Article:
Working with the Blue Book information, Prodigy eventually settled on nine broad categories of tests or procedures that would fall under the new program. Included are imaging services, such as computed tomography (CT scans), sleep apnea tests and some non-emergency surgeries, including arthroscopic knee procedures. What Prodigy pays for each service varies based on local costs in the cities where its 1,200 covered employees live, including Buffalo; Minneapolis; Columbus, Ohio; Evansville, Ind.; and Okemos, Mich.
The rate is set at about the median (half were higher and half were lower) that Prodigy had paid in the past for the services. About 90% so far have chosen to go to medical providers who meet the price limits, she says. The rest go to higher-price centers and pay the difference themselves.
In the program's first two months, Prodigy saved an estimated $17,000. But Gardner says her main goal is not so much saving money as arming workers with information and getting them to pay attention and ask questions.
Facing challenges
The idea of having employees pay the difference for higher-cost services is not new. About 39% of large employers surveyed in an August National Business Group on Health report said they use the technique in their prescription-drug programs, often by requiring workers who want a brand-name drug when a generic is available to pay the difference. Some employers encourage workers to use high-performance networks of doctors or hospitals by lowering their co-payments if they seek care there.
But only about 1% of employers in the August survey use reference pricing like Prodigy, for lab tests, radiology exams or other medical services.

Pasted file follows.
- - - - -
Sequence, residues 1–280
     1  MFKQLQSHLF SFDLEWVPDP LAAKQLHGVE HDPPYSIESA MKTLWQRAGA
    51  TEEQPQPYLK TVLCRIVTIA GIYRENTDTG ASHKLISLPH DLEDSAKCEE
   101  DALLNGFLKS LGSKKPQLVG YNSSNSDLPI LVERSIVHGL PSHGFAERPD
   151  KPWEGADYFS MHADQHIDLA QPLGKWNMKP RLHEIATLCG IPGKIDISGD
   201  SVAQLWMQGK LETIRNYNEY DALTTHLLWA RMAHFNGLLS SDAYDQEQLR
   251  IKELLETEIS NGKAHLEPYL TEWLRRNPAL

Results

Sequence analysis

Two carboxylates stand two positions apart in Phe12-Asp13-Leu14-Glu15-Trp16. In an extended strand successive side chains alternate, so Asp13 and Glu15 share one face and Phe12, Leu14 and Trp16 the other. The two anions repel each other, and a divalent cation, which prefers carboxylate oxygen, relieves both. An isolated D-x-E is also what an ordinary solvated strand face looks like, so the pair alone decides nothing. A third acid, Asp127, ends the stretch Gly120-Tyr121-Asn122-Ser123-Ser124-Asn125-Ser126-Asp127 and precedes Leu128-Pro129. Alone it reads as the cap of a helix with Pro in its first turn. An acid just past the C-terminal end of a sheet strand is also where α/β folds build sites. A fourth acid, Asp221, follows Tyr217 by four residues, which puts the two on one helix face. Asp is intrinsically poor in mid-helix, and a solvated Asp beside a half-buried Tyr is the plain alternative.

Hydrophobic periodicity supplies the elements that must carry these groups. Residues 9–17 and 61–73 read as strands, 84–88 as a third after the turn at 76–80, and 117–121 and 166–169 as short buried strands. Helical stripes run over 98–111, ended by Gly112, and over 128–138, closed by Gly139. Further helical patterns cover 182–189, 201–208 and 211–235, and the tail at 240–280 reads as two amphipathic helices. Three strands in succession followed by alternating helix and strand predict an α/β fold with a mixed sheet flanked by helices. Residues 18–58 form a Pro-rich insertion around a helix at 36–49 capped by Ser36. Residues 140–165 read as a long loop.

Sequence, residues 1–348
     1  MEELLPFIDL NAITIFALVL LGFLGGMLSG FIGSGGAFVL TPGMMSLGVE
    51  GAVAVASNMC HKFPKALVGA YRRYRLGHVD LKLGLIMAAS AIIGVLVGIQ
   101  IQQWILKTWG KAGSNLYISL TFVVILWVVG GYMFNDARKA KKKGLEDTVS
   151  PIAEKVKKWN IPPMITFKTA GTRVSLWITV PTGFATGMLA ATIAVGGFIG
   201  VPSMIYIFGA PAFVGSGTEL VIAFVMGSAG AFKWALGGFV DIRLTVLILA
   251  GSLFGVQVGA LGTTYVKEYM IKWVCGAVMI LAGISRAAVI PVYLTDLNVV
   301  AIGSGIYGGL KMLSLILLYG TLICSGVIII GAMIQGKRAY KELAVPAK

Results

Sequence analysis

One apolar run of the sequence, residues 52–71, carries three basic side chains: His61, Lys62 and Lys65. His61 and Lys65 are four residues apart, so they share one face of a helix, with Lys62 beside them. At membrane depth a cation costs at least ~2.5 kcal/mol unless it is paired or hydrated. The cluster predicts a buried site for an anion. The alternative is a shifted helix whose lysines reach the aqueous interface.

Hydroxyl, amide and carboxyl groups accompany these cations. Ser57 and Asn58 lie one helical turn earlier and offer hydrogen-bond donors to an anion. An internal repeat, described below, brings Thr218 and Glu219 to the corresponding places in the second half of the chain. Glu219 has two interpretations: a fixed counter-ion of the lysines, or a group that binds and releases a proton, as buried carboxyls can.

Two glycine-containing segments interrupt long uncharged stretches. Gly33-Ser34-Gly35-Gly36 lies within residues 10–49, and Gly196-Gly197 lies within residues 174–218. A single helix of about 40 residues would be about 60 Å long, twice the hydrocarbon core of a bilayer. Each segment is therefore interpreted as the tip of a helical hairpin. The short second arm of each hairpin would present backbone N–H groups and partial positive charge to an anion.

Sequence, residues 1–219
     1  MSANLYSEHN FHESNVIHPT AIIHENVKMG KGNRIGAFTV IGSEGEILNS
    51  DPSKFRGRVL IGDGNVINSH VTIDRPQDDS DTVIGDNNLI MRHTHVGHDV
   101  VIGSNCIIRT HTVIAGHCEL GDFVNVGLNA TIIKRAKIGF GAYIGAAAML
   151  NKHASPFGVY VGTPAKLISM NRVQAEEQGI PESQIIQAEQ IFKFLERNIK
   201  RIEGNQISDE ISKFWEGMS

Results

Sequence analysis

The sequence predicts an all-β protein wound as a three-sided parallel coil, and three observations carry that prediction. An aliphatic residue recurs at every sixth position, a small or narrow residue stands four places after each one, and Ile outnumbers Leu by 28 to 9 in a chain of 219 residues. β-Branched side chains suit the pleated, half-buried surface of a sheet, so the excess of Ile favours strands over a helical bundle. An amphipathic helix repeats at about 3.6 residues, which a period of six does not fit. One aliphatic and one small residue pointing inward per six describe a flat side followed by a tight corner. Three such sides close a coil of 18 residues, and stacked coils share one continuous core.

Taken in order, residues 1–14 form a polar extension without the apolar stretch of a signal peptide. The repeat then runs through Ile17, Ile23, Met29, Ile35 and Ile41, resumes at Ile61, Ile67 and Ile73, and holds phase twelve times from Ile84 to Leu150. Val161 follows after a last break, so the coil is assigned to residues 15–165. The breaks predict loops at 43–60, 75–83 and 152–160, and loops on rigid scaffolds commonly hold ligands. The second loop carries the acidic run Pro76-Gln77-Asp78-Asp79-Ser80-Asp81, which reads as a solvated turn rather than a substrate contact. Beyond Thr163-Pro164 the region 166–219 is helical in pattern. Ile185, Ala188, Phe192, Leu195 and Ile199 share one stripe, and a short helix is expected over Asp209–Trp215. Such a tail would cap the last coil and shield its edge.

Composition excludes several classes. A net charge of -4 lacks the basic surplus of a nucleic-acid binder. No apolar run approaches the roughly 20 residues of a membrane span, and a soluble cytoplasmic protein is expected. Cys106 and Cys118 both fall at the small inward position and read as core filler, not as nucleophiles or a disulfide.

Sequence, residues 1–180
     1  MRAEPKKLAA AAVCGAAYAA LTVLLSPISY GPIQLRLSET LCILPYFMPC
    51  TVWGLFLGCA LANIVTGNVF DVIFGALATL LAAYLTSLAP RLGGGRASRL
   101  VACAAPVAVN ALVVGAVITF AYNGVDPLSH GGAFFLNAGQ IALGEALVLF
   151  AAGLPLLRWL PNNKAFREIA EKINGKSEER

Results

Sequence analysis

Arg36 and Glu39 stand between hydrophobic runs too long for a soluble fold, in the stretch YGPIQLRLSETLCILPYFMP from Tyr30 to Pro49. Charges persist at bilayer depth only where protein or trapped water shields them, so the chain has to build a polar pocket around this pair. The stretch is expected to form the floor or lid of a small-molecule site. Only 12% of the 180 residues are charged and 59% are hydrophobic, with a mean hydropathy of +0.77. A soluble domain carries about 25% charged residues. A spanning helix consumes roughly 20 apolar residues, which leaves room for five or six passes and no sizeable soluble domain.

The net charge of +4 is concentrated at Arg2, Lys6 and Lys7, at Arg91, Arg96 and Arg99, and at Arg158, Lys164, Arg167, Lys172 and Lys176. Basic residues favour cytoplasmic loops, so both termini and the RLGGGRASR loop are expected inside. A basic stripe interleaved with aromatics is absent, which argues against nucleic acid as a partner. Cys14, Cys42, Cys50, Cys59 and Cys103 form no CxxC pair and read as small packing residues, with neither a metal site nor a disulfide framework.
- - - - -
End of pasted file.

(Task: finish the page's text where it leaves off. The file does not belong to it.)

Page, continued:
The approach faces challenges. For one thing, it can be hard to explain to employees. Prodigy, for example, hired someone solely to help workers select a facility that meets the price limits.
Also, patients may be hesitant to question their doctor about costs or reluctant to switch to a different physician or hospital.
Focus groups show that people generally don't like shopping around for health care.
It's one thing to go from store to store to see how much toilet paper costs, but with doctors, you don't have an easy way to find out. It feels unnatural and uncomfortable to ask a doctor how much they would charge.
Still, the trend is further fueling efforts by employers and other groups to push for more quality data, Lansky says. He recalls a recent conversation with members of the American Gastroenterological Association who are developing a registry that will eventually track the quality of colonoscopy providers. They don't want to see a market where (only) the cheapest places do well. They want to reward physicians who are doing high-quality care and put in place a system that makes that visible.
Checking on doctors
Consumers can't yet check the registry to find out if their doctor does a better job than one across town. But it is under development.
Anthem, the insurer running the new hip and knee program for Calpers, says it will track the outcomes to make sure they are at least as good as what was seen before the change. About 90% of the hospitals in Anthem's California network met the reference price for hip or knee replacement, including Cedars-Sinai, UCLA and other well-known medical centers.
Anthem provides transportation costs for patients who live too far from one of the centers. About 77% of the covered workers having the procedure since launch have gone to a reference-price hospital.
The 46 hospitals were chosen after Calpers analyzed what it was paying for hip and knee replacements under its previous arrangement and found it ranged from as little as $15,000 to more than $100,000.
The $30,000 limit for hips and knees is not a median but was selected after looking at the range in costs and taking off the really high and really low numbers. The program should save Calpers about 20% of the cost of the procedures.
This is the future for select procedures where people can shop.